Orthopyroxene occurs as either a late magmatic phase or an alteration product of clinopyroxene. It generally occurs as long, disconnected patches where clinopyroxene adjoins plagioclase. Sinuous but optically continuous patches over 4 mm in maximum dimension are also observed. Magnetite fills fracture zones, and platy inclusions of probable hematite are often noted. Occasionally, where orthopyroxene is in contact with plagioclase, a fibrous mineral believed to be kyanite (Woods, 1970) is developed.
Plagioclase generally forms completely enclosed pods up to 6 mm maximum dimension. Each pod consists of aggregates of anhedral grains, each with rounded irregular borders. Zoning is present in most, but not all, grains. The range in composition is from An55 to An60. Sinuous exsolution blebs of lower refractive index than the host indicate that the feldspar may be considered antiperthite. Inclusions are ubiquitous but not abundant, consisting mainly of needles (rutile?) and short stringers of bubbles. Twinning is generally on the pericline law and occurs in phenocrysts showing a low degree of zoning. Albite twins are much less common and manebach and carlsbad twins extremely rare. In many cases recrystallization has completely removed all twinning, and a high temperature structural state is indicated by X-ray data.
Garnet euhedra occur frequently along the contacts between ortho- or clinopyroxene and plagioclase, as anhedral blebs within orthopyroxene grains, and as thin shells partially mantling orthopyroxene. Some euhedra are completely surrounded by plagioclase grains, isolated from pyroxene grains.
This sample is an eclogite containing garnet, 87 percent, and clinopyroxene, 13 percent. It consists essentially of a continuous groundmass of non-crystalline garnet in which are contained a few rounded fragments of omphacitic clinopyroxene. The pyroxene has been partly resorbed but the process was interrupted before completion.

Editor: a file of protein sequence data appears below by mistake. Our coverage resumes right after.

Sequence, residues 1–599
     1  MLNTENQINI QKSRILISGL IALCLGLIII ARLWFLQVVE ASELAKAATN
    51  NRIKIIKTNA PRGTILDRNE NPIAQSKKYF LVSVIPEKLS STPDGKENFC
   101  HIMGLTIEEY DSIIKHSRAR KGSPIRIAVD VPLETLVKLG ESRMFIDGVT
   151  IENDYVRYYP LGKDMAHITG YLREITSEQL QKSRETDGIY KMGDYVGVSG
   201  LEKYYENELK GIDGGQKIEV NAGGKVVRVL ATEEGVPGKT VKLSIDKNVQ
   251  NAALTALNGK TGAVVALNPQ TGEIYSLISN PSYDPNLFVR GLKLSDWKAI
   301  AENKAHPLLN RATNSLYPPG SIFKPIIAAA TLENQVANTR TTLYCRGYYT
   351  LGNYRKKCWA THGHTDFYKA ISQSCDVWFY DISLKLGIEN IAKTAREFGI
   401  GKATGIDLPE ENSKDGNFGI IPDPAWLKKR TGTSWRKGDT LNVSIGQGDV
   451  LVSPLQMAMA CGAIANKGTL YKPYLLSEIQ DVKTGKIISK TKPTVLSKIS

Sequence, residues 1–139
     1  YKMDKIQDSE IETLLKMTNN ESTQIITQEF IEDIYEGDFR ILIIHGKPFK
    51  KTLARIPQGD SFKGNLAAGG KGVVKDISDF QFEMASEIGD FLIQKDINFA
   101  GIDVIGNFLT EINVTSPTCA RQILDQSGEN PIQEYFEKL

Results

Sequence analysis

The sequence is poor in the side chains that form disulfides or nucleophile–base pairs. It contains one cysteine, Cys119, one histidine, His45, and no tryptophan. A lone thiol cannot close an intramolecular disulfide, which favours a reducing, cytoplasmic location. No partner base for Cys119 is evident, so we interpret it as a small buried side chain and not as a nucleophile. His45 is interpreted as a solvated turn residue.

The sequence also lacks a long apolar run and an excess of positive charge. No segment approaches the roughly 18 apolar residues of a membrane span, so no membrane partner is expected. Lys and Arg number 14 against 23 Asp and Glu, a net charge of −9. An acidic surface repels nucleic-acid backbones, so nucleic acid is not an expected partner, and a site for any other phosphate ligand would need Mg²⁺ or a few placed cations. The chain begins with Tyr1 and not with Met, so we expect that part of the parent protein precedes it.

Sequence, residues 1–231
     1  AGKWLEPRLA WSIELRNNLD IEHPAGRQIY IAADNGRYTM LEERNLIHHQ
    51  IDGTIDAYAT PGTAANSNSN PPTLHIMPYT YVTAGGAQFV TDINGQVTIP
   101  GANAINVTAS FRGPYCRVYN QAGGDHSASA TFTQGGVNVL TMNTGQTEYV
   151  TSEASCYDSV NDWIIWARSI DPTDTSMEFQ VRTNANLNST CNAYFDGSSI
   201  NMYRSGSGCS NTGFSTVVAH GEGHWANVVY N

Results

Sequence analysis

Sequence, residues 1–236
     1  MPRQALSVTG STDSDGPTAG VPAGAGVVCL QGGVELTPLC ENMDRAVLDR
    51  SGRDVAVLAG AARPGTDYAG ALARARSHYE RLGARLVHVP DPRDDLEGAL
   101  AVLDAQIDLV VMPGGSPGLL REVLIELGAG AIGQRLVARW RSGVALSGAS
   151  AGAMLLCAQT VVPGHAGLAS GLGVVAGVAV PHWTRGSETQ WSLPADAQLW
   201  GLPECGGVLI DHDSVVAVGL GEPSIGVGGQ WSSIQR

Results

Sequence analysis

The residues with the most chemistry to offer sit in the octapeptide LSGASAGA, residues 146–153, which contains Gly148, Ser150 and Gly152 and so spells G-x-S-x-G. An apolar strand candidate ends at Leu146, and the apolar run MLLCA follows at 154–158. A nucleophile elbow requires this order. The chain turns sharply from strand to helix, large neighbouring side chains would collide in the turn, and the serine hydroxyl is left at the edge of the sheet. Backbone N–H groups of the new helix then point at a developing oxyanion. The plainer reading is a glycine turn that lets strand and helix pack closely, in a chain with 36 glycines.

The pyroxene is an omphacite exhibiting cleavage parallel to (110), and rare parting parallel to (100). A few grains contain black granular material which also occurs along the borders of grains and is believed to be incipient garnet. One pyroxene grain contains apparent exsolved orthopyroxene.
Garnet is massive and no crystal faces are discernible. Based on optical determinations, it appears to be a grossular-bearing almandine-pyrope. Some grains contain a microcrystalline mineral which occurs as sinuous patches and may be quartz (suggested by its low birefringence and the fact that quartz is commonly found in some omphacite-rich eclogites). Some of the sinuous material shows a faint pleochroism, however, suggesting that it may be vestigial pyroxene.
A very few short stringers of a dark reddish-brown mineral occur within the garnet. High birefringence suggests rutile. This possible rutile and the microcrystalline mineral mentioned above comprise less than 1 percent of the total specimen.
Minerals were separated from whole-rock samples by hand picking (using a binocular microscope), a Frantz isodynamic separator, and by heavy liquid techniques. The details are given by Woods (1970). Unless otherwise specified, purity of the separates is greater than 99 percent. It should be pointed out here that, for Rb-Sr mineral isochron work, 100 percent purity is not an absolute necessity as is the case for other methods (i.e., K-Ar method) since the impurity that may be present has been derived from the same isochemical system. If, for example, a biotite separate is contaminated by 0.01 percent plagioclase, the effect will be reflected in a lower Rb/Sr ratio and lower Sr (87/86) ratio in the mixture, but the analysis will still yield a point on the mineral isochron. The advantage, of course, in working with very pure separates is to provide a greater spread in Rb/Sr ratios which allows the investigator to evaluate possible cases of open-system conditions.